Lt Gen Bhopinder Singh (Retd)
Political movements for identity assertions and corrective actions are borne out of perceived denialism and inequities – the subliminal quest (because it still hasn’t taken an impactful shape or form,yet) for the frustratingly suboptimal Jammu/Dogra identity in the national imagination, is that, and sadly,so much more. Unlike the recent ‘regional’ identity successes of Telangana, Uttarakhand, Jharkhand, Chhattisgarh or even Gorkhaland and Bodoland (both were bestowed with territorial administration/council) – hand on heart, where exactly does acknowledging the neglect of Jammu/Dogras resonate amongst national priorities, within the corridors of power? The honest answer would be a very dismal reality-check. Put simply, the scale of ignorance and diminishment of Jammu/Dogra history, culture, relevance and investment for future, is unprecedented in the fairly long list of continuing regional disparities, in India. No region/identity has done so much for the fundamental ‘Idea of India’, and received so less.
To continue putting blame on the ‘Valley’, as has been the wont, is not only convenient, vain and even partially wrong, but it also perpetuates the rote and tired script, that leads to nowhere. The entire narrative changes, if Jammu/Dogras, were for once to blame themselves for allowing their own case and storyline to get distorted (the politics followed, consequentially) and for getting routinely seduced by piecemeal sops that were dolled-out by ‘Delhi’ (all national parties without exception, did little). History is instructive, that no regional ‘identity’ assertion succeeded on account of any national party, ever. The national parties were always forced to ultimately accept the regional disaffection, but the championing of the ’cause’ was always led by a regional expression, be it Uttrakhand Kranti Dal, Chhattisgarh Rajya NirmanManch, Jharkhand Mukti Morcha, Telangana Rashtra Samithi, Gorkha National Liberation Front, All Bodoland Students Union etc.- Where is that equivalent and focused platform that refuses to get distracted, attracted or abused for other partisan agendas, other than that of the concerns of dignity, correction, and investment of Jammu/Dogras?Never forget, national parties appeal to sub-sections of society and never to the composite whole of a region, and that unified, indivisible and force-multiplying whole is only afforded by a dedicated front, to articulate the regional ‘identity’ case.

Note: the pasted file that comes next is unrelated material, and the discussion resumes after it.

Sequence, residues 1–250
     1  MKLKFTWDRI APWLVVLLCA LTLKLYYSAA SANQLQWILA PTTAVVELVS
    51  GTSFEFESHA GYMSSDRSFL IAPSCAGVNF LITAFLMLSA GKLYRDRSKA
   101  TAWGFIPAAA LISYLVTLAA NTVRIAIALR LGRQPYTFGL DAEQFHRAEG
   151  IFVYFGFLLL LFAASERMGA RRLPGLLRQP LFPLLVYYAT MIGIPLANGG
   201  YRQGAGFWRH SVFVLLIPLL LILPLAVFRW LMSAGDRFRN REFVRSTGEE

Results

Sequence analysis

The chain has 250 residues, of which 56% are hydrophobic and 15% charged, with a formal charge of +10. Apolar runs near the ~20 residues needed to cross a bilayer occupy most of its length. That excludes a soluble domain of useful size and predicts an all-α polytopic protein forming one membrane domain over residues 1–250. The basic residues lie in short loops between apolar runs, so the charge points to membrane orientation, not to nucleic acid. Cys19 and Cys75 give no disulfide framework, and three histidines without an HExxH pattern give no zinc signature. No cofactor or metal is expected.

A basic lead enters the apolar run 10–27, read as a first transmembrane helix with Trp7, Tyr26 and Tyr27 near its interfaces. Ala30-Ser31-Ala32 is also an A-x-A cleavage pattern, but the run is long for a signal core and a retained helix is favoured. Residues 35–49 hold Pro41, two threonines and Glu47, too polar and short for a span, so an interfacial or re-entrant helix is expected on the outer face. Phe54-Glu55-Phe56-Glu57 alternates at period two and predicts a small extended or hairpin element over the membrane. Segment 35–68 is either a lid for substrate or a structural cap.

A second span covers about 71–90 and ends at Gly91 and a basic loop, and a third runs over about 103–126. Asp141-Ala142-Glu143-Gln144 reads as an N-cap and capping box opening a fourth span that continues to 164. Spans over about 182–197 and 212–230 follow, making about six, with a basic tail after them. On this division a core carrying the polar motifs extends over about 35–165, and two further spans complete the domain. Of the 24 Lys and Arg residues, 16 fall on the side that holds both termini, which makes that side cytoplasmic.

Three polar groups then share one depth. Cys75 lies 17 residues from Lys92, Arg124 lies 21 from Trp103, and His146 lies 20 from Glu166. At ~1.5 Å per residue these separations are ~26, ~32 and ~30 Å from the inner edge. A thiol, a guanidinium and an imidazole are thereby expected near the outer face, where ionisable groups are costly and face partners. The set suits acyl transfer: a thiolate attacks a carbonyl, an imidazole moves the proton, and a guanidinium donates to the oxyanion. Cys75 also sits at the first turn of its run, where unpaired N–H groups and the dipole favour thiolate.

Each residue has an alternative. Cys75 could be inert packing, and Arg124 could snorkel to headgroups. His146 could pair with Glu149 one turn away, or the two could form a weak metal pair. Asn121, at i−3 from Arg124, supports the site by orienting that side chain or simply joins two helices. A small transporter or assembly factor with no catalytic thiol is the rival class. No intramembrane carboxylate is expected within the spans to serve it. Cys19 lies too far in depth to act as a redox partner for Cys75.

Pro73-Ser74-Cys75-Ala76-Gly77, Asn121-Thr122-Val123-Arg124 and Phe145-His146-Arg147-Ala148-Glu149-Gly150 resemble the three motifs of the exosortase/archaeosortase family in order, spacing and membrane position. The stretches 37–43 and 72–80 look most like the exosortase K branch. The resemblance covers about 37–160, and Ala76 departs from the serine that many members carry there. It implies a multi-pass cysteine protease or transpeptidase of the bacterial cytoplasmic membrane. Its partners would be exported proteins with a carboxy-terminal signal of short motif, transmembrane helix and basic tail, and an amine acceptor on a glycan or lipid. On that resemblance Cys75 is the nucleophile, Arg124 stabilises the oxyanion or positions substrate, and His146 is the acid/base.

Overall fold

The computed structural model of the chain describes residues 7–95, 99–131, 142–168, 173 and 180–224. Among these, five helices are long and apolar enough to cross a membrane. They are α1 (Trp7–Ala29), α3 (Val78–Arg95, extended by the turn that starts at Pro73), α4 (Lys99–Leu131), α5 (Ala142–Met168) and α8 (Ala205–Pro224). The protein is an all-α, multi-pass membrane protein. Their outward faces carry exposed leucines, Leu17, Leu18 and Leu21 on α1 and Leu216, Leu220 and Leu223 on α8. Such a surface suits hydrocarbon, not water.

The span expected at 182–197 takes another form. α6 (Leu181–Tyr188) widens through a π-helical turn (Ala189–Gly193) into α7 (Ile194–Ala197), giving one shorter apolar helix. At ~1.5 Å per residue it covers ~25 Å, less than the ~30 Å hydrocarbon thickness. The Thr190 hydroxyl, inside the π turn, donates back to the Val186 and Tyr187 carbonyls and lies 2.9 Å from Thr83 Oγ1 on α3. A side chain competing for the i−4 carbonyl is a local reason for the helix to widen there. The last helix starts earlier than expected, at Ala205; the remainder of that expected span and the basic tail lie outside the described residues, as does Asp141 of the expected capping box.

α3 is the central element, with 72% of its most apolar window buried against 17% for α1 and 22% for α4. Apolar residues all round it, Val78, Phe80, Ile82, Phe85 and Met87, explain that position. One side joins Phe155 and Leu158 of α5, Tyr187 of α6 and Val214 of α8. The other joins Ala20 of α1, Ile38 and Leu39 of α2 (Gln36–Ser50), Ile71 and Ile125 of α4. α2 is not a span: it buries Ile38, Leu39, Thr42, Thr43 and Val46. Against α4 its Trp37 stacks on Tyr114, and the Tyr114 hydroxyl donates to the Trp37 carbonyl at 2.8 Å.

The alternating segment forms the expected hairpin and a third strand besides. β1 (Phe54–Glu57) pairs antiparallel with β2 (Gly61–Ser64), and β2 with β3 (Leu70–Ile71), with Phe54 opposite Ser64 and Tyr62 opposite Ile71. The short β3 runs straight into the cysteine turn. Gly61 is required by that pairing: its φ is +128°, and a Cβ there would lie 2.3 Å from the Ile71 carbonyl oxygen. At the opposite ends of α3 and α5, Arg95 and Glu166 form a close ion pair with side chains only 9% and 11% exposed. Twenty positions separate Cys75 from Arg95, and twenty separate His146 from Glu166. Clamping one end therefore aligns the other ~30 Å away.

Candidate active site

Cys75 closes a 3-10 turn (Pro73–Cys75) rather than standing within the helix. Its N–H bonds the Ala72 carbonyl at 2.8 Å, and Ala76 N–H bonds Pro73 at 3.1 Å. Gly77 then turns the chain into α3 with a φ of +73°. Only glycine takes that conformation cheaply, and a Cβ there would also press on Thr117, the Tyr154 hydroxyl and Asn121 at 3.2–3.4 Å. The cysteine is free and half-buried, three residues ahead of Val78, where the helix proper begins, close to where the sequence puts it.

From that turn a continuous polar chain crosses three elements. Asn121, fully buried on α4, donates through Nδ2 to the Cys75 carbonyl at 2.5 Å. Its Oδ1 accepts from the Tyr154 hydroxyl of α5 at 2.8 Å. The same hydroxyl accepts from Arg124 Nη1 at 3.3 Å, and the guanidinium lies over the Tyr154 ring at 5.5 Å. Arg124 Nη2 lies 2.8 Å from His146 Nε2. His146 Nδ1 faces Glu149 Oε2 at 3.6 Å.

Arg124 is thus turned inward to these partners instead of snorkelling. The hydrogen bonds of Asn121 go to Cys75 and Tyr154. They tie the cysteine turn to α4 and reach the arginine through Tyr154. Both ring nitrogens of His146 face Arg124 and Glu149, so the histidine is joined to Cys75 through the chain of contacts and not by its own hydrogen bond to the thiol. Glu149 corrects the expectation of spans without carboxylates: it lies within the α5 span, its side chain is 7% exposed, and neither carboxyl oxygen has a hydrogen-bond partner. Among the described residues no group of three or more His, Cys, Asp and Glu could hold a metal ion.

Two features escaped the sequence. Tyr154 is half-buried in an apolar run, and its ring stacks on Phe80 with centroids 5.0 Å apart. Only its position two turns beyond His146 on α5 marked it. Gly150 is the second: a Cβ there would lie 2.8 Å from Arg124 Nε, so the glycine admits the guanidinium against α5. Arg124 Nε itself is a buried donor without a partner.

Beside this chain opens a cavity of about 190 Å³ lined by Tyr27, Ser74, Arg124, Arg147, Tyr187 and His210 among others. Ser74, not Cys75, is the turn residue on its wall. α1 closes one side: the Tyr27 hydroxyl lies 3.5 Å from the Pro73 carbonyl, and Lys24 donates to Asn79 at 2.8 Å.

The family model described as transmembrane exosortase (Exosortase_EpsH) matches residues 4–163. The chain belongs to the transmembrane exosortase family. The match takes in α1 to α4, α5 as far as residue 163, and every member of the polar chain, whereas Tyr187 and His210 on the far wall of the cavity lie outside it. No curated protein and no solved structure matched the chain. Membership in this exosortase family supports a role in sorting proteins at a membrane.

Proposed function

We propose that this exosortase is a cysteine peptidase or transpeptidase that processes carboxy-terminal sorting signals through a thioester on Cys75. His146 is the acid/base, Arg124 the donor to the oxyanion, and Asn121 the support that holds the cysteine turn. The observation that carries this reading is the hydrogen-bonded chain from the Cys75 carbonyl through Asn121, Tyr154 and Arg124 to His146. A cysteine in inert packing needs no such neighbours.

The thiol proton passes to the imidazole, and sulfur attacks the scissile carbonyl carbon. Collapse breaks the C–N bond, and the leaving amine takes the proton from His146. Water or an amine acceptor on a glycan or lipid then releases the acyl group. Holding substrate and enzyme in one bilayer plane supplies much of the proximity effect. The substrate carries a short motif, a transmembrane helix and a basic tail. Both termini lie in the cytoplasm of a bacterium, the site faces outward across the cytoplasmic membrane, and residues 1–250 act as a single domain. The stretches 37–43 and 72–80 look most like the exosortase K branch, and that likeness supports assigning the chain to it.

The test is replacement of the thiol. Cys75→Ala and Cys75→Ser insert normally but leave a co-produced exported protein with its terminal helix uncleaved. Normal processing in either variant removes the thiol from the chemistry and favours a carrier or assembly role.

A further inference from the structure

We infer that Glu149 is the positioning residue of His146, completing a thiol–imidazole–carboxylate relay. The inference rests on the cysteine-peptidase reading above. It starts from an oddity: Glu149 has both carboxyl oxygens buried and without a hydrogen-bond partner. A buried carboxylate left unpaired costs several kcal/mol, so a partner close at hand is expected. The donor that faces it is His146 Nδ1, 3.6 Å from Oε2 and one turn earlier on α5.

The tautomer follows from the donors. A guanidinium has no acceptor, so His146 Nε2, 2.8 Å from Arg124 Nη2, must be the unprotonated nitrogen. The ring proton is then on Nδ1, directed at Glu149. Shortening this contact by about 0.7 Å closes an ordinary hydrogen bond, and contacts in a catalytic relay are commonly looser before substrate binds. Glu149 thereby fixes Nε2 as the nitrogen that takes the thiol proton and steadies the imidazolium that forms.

The next question is, what should Jammu/Dogra angst be all about? Put simply, it is about a false (or at least, unknown or ignored) storyline of a people/region, who are undoubtedly the finest example of the profound and constitutional ‘Idea of India’, but have been denied their dignity of correct narrative, share in independent India, and investments in their future. By falling for the emotional polarising trap of religion, caste, ethnicities, ‘Valley-versus-Jammu’ or any suchlike ‘divides’, is to diminish the unique ‘case’ of Dogra history, as that is exactly what all those who claim to stand for Jammu/Dogras (read, national parties since independence), but have done a pittance till now, would want to keep as the essential ploy. Much before words like ‘secularism’, ‘inclusivity’, ‘societal reforms’, ’empowerment’, ‘gender rights’, ‘educational reforms’ etc., became fashionable, the Dogra reign and ethos, practiced all that. Reducing the conversation to ‘Valley-versus-Jammu’ is to sound petty, inglorious and unbefitting, of the factual history and narrative.